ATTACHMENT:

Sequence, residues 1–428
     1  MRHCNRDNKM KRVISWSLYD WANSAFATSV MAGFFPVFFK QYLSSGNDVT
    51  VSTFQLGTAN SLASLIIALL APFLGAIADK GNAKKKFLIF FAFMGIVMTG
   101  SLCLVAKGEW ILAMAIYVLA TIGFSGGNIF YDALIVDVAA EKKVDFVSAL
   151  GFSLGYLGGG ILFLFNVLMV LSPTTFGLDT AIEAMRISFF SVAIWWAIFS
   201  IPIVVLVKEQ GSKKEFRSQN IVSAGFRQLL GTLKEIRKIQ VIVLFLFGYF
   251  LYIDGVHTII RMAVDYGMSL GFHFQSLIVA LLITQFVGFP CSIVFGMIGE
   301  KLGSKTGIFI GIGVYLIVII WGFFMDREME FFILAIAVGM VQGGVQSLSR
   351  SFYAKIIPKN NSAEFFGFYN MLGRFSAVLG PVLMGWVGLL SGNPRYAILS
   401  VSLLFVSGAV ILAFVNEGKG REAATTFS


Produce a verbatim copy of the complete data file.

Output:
Sequence, residues 1–428
     1  MRHCNRDNKM KRVISWSLYD WANSAFATSV MAGFFPVFFK QYLSSGNDVT
    51  VSTFQLGTAN SLASLIIALL APFLGAIADK GNAKKKFLIF FAFMGIVMTG
   101  SLCLVAKGEW ILAMAIYVLA TIGFSGGNIF YDALIVDVAA EKKVDFVSAL
   151  GFSLGYLGGG ILFLFNVLMV LSPTTFGLDT AIEAMRISFF SVAIWWAIFS
   201  IPIVVLVKEQ GSKKEFRSQN IVSAGFRQLL GTLKEIRKIQ VIVLFLFGYF
   251  LYIDGVHTII RMAVDYGMSL GFHFQSLIVA LLITQFVGFP CSIVFGMIGE
   301  KLGSKTGIFI GIGVYLIVII WGFFMDREME FFILAIAVGM VQGGVQSLSR
   351  SFYAKIIPKN NSAEFFGFYN MLGRFSAVLG PVLMGWVGLL SGNPRYAILS
   401  VSLLFVSGAV ILAFVNEGKG REAATTFS